In 2016 the Universidade Federal do Rio de Janeiro launched MusMat: Brazilian journal of music and mathematics, which brings together articles, interviews, and news on the interactions between music and mathematics in applications in analysis and composition. The journal is peer-reviewed and open-access.

Below, a work by Rodolfo Coelho de Souza, who discusses his compositional methods in the inaugural issue.

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Tango and therapy

tango

Recent research suggests that tango dancing may be an effective strategy for influencing symptoms related to mood disorders.

In one study, 41 participants were randomized to tango dancing for 1.5 hours, four times per week for two weeks, or to a wait-list control condition. Self-rated symptoms of depression, anxiety, stress, insomnia, self-efficacy, satisfaction with life, and mindfulness were assessed at pretest, posttest, and one month later. The tango group participants showed significant reductions in depression, anxiety, stress, and insomnia at posttest relative to the controls, whereas satisfaction with life and self-efficacy were significantly increased. At a one-month follow-up, depression, anxiety, and stress levels remained reduced relative to the wait-list controls.

In another study, 22 tango dancers were assessed within four conditions in which the presence of music and a dance partner while dancing were varied in a 2 x 2 design. Before each condition and five minutes thereafter, participants provided salivary samples for analysis of cortisol and testosterone concentrations and completed the Positive and Negative Affect Schedule. The data suggest that motion with a partner to music has more positive effects on emotional state than motion without music or without a partner. Moreover, decreases of cortisol concentrations were found with the presence of music, whereas increases of testosterone levels were associated with the presence of a partner.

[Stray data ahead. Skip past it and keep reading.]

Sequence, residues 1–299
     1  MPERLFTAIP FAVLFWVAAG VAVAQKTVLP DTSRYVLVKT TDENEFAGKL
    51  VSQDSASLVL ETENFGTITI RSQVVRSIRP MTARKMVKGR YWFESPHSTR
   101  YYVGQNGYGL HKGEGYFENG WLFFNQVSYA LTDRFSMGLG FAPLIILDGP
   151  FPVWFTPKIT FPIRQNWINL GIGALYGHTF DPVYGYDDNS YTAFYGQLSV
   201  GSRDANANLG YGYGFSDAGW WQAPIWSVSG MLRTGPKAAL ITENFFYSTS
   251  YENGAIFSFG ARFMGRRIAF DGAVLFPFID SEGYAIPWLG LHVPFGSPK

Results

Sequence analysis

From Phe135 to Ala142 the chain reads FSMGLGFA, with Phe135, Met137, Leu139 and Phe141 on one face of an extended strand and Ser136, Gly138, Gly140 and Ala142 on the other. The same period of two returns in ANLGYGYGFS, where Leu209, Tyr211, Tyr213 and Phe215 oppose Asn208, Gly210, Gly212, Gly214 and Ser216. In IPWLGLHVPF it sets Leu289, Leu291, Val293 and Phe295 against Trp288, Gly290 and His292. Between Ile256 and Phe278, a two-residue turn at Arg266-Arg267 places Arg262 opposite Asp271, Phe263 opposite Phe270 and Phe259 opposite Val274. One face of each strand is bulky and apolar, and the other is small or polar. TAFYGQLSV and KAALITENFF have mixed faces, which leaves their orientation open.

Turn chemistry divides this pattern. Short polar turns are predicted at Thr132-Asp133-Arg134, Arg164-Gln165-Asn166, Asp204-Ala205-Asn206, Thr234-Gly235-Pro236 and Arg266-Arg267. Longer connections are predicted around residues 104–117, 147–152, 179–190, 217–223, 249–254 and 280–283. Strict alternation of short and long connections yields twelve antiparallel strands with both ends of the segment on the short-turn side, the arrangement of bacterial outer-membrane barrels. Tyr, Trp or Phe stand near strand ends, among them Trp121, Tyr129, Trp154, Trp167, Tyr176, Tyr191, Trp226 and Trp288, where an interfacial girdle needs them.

This according to “Intensive tango dance program for people with self-referred affective symptoms” by Rosa Pinniger et al. (Music and medicine: An interdisciplinary journal V/I [January 2013] pp. 15–22) and “Emotional and neurohumoral responses to dancing tango argentino: The effects of music and partner” by Cynthia Quiroga Murcia (Music and medicine: An interdisciplinary journal I/1 [July 2009] pp. 14–21), respectively.

Below, Tina Frühauf provides a testimonial.

BONUS: A translation of lyrics of the song in the video:

Think it over
before taking that step
that perhaps tomorrow
you may not go back.

Think it over.
I have loved you so much
and you have sent me into the past
perhaps for another love.

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The smell of jazz

Sonny Stitt

People can systematically match information from different senses; these matches are known as crossmodal correspondences.

A 2013 study demonstrated that at least some color-music correspondences can be explained by emotional mediation.

A later study investigated the emotion mediation hypothesis for correspondences between odor and music, testing whether the strength of odor-music matches for particular odors and musical selections can be predicted by the similarity of the emotional associations with the odors and music. These researchers found that perceived matches were higher when the emotional responses were similar and that a model including emotional dimensions captured a significant amount of the variance of match scores, providing new evidence that crossmodal correspondences are mediated by emotions.

This according to “The smell of jazz: Crossmodal correspondences between music, odor, and emotion” by Carmel A. Levitan, Sara A. Charney, Karen B. Schloss, and Stephen E. Palmer, a paper included in Proceedings of the 37th annual meeting of the Cognitive Science Society (Austin: The Cognitive Science Society, 2015, pp. 1326–1331).

Many thanks to Improbable Research for bringing this to our attention, and for noting that “fishy was comprehensively unpopular, except with the category heavy metal, where it was first on the list.”